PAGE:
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Childbirth education can save lives

Childbirth education can save lives

Of the million plus women who become pregnant in South Africa each year, those who receive antenatal care and quality childbirth education are the most likley to experience a healthy pregnancy and birth. Whilst the number of pregnant women accessing medical care has risen dramatically in recent years, less than half seek antenatal care before 20 weeks of pregnancy and a large percentage only first see a doctor or midwife when they go into labour. An even smaller number – about 5% – attend private antenatal classes.

“Knowledge IS the key to a safe, successful pregnancy, birth and parenting experience,” says Lynne Bluff, national co-ordinator for the Childbirth Educators’ Professional Forum. “At the very least it will improve your birth experience, and at best it can save your life.”

Childbirth educators, hospitals and specialist skincare brand Bio-Oil are joining hands to highlight the importance of childbirth education during Pregnancy Education week this February, with free talks and various pregnancy-related events happening around the country. “A professional childbirth educator, with the experience and expertise to help people make informed choices on their journey to parenthood, is a vital source of knowledge in today’s technological world,” says Zarah Riley, spokesperson for Bio-Oil.

Bluff says ideally everyone would attend childbirth education classes, which cover all aspects of pregnancy and birth as well as how to care for the newborn baby. “Although there are a couple of good online courses available, attending classes – which are usually held in the evenings or over a weekend – are more recommended; the interaction with the childbirth educator and other pregnant couples in the class is invaluable. Often lifelong friendships are formed.”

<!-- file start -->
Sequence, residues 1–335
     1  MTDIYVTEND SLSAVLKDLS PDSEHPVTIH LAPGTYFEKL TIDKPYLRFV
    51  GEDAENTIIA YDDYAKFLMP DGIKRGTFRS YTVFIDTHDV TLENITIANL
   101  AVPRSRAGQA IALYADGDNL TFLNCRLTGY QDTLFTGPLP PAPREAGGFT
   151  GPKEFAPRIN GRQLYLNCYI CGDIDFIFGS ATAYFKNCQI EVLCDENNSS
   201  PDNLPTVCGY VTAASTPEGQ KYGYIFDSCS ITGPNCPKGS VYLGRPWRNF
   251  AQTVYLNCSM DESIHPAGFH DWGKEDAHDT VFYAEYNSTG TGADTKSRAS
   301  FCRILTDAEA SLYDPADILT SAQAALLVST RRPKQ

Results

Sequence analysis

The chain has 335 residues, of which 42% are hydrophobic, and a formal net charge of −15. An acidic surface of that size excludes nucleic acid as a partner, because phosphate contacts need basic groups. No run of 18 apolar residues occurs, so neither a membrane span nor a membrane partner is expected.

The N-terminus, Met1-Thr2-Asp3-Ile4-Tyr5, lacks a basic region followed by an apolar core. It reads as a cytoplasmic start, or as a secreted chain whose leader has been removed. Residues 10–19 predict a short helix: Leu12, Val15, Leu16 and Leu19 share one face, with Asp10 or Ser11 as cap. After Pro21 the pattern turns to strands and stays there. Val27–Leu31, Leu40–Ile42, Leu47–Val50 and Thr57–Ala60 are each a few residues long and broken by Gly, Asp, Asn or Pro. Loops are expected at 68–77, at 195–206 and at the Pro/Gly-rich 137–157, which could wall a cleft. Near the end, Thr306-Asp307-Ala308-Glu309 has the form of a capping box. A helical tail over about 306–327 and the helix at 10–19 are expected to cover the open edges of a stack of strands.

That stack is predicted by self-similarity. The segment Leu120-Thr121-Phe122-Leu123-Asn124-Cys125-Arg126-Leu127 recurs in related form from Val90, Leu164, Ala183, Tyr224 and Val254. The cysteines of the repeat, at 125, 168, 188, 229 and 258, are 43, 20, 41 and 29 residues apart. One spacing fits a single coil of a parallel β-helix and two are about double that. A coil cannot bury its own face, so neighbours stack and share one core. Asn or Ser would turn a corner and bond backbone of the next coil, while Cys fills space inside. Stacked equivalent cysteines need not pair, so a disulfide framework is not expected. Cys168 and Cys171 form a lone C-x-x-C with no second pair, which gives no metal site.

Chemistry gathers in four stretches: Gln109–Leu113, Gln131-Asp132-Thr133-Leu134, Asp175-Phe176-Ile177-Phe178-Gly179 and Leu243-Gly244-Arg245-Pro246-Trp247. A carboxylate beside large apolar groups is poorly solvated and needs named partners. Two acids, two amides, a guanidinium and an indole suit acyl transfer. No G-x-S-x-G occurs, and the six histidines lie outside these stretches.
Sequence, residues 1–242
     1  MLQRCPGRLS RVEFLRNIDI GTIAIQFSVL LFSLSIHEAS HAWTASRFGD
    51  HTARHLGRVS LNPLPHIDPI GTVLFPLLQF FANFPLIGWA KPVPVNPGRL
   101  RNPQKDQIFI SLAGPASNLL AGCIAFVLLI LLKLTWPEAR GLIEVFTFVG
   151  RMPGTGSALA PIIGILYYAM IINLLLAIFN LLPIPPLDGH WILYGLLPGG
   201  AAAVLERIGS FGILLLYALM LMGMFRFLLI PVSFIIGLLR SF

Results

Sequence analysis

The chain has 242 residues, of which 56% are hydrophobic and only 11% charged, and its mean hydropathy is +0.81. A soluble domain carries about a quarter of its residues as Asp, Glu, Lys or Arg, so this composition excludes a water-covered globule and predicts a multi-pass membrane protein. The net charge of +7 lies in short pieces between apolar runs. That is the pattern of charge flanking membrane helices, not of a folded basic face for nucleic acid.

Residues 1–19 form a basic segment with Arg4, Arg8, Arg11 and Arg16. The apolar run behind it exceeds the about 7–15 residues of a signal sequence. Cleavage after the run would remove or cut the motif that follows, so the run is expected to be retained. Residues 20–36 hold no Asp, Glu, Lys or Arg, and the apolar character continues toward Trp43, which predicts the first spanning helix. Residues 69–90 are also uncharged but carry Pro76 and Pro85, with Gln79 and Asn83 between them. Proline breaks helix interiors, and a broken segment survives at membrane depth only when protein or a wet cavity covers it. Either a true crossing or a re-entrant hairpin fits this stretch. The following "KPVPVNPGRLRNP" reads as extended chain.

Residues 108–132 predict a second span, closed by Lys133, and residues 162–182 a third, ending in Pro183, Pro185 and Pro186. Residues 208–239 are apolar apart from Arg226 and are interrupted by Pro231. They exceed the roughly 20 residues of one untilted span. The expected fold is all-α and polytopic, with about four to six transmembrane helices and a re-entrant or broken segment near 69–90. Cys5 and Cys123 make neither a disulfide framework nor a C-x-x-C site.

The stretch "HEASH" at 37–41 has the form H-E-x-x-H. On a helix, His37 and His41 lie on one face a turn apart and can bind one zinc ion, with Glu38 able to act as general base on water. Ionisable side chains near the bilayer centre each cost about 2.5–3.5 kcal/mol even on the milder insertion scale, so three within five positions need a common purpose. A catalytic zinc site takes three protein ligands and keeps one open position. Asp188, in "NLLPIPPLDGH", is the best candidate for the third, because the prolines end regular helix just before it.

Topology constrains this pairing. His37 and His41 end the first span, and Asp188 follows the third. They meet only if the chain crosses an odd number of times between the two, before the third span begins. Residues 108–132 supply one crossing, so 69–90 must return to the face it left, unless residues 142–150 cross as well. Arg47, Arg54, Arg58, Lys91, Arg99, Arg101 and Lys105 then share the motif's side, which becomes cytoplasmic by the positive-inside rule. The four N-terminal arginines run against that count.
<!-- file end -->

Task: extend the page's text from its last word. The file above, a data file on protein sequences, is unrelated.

To find a childbirth educator in your area or for more details on childbirth education and Pregnancy Education Week visit www.expectantmothersguide.co.za.

What is covered in Childbirth Education Classes?

  • Pregnancy – physical and emotional changes
  • Birth options
  • Labour – breathing, water, massage, relaxation, visualisation
  • Pain relief options
  • Birth plan
  • Breastfeeding
  • Care of the new born baby
  • Postnatal depression

Typically the course is a 6 week course – held one evening a week.


Finding the right childbirth educator:


  • What are her qualifications? Ideally your childbirth educator is a qualified midwife and has completed a post-graduate diploma in Childbirth Education.
  • Is she a member of the Childbirth Educator Professional Forum?
  • Is she a mother?
  • Which birthing methods are covered in the course and which are emphasised?
  • What are her ideals of labour and do they match yours?
  • Can partners attend? Ideally dad will be involved in some or all of the classes too!
  • Are practical techniques taught e.g. breathing and positions for labour, massage, relaxation and visualisation?

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